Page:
Young Boys Face Serious Discrimination in School, Study Finds

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Recent studies are revealing that some young boys are being discriminated against in schools and being graded unfairly because of how their “active nature” is perceived by teachers.

Black boys in class

It is no secret that some boys tend to be very hyperactive at a young age. While most girls are happy doing whatever task is handed to them, boys often can’t focus unless they can first run around a bit and let out all that built-up energy.

While their “active nature” is perfectly innocent, researchers believe teachers are discriminating against them.

The problem appears to be that teachers are interpreting being active as being “bad” and punishing young boys for not cooperating or behaving well in the classroom.

If you’re thinking this only means the boy gets less candy or recess time, you’re wrong. Teachers who perceive the active behavior as being bad are also grading the young boys more harshly.

Boys who tended to be very rambunctious in class received lower overall grades, even after they had the same or higher test scores as girls. In other words, your little boy may be getting graded more harshly overall, simply because he couldn’t be quite as still as little Mary, despite the fact that he retained the same amount of information as she did.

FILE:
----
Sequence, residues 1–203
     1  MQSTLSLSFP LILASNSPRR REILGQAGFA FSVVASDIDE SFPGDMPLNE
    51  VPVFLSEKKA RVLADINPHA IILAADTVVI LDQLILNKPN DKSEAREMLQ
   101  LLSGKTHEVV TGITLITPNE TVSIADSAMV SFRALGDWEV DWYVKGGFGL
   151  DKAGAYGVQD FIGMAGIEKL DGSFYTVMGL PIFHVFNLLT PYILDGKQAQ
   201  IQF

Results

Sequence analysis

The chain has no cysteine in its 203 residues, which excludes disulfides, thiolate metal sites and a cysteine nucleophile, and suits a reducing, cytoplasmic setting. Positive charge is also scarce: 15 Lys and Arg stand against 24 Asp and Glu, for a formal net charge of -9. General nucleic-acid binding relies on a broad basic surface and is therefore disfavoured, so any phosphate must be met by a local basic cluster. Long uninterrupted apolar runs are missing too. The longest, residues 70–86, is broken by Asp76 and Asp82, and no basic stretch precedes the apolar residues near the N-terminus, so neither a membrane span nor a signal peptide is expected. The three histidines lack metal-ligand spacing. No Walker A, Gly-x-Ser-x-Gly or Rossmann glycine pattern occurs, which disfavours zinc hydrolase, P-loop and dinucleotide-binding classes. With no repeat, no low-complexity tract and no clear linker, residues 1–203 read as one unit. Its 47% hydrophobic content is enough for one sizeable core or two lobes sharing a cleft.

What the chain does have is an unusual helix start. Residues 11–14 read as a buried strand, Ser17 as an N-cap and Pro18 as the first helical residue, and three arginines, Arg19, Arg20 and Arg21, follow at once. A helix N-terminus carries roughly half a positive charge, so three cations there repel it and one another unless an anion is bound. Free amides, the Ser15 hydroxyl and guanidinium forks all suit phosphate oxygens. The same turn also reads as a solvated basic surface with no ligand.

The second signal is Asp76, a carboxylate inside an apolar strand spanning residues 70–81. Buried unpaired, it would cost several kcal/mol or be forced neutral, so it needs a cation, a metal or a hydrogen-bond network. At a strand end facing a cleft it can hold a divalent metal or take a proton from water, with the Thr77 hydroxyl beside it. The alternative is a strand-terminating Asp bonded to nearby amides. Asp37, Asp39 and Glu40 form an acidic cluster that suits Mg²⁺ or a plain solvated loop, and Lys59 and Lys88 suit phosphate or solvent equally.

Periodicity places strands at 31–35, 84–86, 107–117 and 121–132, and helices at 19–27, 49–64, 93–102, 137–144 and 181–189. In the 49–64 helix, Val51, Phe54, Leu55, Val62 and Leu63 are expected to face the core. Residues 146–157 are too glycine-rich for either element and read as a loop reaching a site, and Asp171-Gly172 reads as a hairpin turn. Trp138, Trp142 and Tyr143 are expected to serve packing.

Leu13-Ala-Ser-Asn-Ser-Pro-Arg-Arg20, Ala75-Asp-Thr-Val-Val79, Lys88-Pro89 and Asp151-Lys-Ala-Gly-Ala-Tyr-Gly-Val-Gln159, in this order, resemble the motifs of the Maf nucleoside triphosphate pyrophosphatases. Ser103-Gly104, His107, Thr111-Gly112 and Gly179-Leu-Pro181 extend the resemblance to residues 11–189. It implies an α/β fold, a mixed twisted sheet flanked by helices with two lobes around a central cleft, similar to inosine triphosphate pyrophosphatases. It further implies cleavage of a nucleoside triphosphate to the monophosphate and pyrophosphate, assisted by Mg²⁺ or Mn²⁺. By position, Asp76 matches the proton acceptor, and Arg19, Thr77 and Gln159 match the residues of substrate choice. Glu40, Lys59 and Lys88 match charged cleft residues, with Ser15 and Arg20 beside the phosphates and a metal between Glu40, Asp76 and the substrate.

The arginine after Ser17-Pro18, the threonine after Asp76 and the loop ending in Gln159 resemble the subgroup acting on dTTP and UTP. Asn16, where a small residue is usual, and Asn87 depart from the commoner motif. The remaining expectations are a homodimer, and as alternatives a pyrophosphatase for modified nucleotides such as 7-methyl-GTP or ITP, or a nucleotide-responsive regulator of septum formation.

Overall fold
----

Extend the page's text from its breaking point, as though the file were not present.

Now before you assume that every boy is getting his grade marked down, research is also revealing that boys are being given way too many “brownie points” if they can sit still.

Some young men shared the same enthusiasm to sit still and please the teacher as their female counterparts in class. Once again, both the boys and girls earned the same score on the test but their grades in the class didn’t match up.

Are teachers praising little boys too much when they match a girl’s behavior in class? Experts think so.

Time reported that researchers believe “teachers may be overcompensating when they encounter boys whose behavior exceeds expectations.” What makes this even more problematic is that the expectations for boys are often already set way too low.

In other words, a young boy can perform the way an average student should in class but be rewarded as if he has done something extraordinary and excelled beyond the rest of his classmates.

Back to the other side of that same coin is the fact that a young boy can also perform better than everyone else in his class on a test, but if he is an active young man he will receive lower grades in class.

So what needs to be done to correct the discrimination issue?

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